The largest earthquakes recorded in northern Alaska (Mw 6.4 and Mw 6.0) occurred ~6 hours apart on August 12, 2018 in the northeastern Brooks Range. The earthquakes were captured by Sentinel-1 InSAR satellites and Earthscope Transportable Array seismic data, giving insight into the little-known active tectonic processes of Arctic Alaska, obscured until recently by sparse data availability. In this study, InSAR modelling, teleseismic back projections, calibrated hypocentral relocations and regional moment tensor solutions resolve two previously unknown, SSW-dipping right-lateral fault segments. These are the first active faults identified as conjugate to the NE-trending sinistral Canning Displacement Zone directly to the west, which is therefore a more complex zone of diffuse faulting than previously thought. The northeastern Brooks Range has been characterized as an area of low to moderate seismic hazard, but these earthquakes illustrate the potential for larger, possibly destructive events in a region earmarked for rapid resource development.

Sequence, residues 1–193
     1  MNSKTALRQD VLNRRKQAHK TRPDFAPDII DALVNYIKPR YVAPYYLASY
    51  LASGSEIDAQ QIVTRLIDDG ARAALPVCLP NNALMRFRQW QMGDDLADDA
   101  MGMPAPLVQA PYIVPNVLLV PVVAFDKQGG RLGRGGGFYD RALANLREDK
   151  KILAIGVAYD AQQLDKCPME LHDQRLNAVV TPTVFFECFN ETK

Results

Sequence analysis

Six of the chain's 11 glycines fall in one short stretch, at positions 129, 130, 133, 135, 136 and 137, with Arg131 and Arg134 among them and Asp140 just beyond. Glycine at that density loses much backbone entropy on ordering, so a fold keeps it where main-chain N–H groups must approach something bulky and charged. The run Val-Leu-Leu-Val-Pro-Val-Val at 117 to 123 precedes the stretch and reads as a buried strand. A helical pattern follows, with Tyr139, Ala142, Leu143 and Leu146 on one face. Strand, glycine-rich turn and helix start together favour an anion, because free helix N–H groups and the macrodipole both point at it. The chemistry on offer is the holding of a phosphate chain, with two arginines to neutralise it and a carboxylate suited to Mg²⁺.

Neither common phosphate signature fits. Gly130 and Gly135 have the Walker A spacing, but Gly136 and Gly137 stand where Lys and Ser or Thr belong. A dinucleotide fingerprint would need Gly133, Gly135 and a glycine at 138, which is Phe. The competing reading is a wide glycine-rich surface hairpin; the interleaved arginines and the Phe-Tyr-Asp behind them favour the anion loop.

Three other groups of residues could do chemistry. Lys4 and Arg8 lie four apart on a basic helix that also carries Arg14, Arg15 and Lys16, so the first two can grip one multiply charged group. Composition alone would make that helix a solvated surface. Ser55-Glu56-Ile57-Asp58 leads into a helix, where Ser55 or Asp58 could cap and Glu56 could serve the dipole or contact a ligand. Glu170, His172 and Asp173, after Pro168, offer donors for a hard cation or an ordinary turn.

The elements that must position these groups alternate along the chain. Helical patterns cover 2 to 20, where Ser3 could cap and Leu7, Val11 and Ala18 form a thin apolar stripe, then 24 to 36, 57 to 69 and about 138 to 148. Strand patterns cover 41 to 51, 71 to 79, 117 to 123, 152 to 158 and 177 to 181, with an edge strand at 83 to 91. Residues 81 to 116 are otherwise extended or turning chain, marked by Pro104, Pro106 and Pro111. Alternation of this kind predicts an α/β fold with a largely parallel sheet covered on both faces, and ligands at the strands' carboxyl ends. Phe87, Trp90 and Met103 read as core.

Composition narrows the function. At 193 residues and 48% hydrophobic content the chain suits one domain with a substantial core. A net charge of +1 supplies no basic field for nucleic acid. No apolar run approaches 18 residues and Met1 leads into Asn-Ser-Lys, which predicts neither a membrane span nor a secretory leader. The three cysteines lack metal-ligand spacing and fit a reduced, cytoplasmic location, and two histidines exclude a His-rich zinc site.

Additional publication details
|Publication Subtype||Journal Article|
|Title||The August 2018 Kaktovik earthquakes: Active tectonics in northeastern Alaska revealed With InSAR and seismology|
|Series title||Geophysical Research Letters|
|Publisher||American Geophysical Union|
|Contributing office(s)||Geologic Hazards Science Center|
|Google Analytic Metrics||Metrics page|